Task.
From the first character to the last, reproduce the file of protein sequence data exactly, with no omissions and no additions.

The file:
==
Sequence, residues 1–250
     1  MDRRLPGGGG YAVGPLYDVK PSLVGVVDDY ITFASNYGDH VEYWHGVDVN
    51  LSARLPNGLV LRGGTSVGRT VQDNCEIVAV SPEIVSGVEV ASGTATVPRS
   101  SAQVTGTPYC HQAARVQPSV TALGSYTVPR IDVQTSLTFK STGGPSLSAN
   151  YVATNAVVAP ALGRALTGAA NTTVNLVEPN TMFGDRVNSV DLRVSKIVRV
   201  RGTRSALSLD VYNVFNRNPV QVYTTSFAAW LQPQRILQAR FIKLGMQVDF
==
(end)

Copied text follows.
Sequence, residues 1–250
     1  MDRRLPGGGG YAVGPLYDVK PSLVGVVDDY ITFASNYGDH VEYWHGVDVN
    51  LSARLPNGLV LRGGTSVGRT VQDNCEIVAV SPEIVSGVEV ASGTATVPRS
   101  SAQVTGTPYC HQAARVQPSV TALGSYTVPR IDVQTSLTFK STGGPSLSAN
   151  YVATNAVVAP ALGRALTGAA NTTVNLVEPN TMFGDRVNSV DLRVSKIVRV
   201  RGTRSALSLD VYNVFNRNPV QVYTTSFAAW LQPQRILQAR FIKLGMQVDF